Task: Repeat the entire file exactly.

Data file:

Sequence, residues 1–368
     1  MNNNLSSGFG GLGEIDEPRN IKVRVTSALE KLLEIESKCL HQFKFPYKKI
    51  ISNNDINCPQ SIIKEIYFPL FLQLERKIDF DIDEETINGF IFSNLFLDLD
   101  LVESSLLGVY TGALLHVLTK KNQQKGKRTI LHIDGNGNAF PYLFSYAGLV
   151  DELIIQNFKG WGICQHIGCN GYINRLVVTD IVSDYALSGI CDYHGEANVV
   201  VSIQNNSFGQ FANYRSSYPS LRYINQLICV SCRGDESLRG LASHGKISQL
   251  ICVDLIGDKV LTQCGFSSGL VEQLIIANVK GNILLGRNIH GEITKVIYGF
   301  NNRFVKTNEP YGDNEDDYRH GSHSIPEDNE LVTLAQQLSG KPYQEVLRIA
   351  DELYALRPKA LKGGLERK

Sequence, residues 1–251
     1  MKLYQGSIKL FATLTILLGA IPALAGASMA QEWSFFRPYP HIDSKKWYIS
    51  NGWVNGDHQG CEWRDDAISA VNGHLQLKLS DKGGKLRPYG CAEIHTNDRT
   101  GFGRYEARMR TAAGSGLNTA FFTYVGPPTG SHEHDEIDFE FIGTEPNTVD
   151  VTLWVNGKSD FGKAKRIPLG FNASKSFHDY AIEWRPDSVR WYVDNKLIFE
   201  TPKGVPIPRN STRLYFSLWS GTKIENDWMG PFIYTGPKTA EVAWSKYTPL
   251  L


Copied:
Sequence, residues 1–368
     1  MNNNLSSGFG GLGEIDEPRN IKVRVTSALE KLLEIESKCL HQFKFPYKKI
    51  ISNNDINCPQ SIIKEIYFPL FLQLERKIDF DIDEETINGF IFSNLFLDLD
   101  LVESSLLGVY TGALLHVLTK KNQQKGKRTI LHIDGNGNAF PYLFSYAGLV
   151  DELIIQNFKG WGICQHIGCN GYINRLVVTD IVSDYALSGI CDYHGEANVV
   201  VSIQNNSFGQ FANYRSSYPS LRYINQLICV SCRGDESLRG LASHGKISQL
   251  ICVDLIGDKV LTQCGFSSGL VEQLIIANVK GNILLGRNIH GEITKVIYGF
   301  NNRFVKTNEP YGDNEDDYRH GSHSIPEDNE LVTLAQQLSG KPYQEVLRIA
   351  DELYALRPKA LKGGLERK

Sequence, residues 1–251
     1  MKLYQGSIKL FATLTILLGA IPALAGASMA QEWSFFRPYP HIDSKKWYIS
    51  NGWVNGDHQG CEWRDDAISA VNGHLQLKLS DKGGKLRPYG CAEIHTNDRT
   101  GFGRYEARMR TAAGSGLNTA FFTYVGPPTG SHEHDEIDFE FIGTEPNTVD
   151  VTLWVNGKSD FGKAKRIPLG FNASKSFHDY AIEWRPDSVR WYVDNKLIFE
   201  TPKGVPIPRN STRLYFSLWS GTKIENDWMG PFIYTGPKTA EVAWSKYTPL
   251  L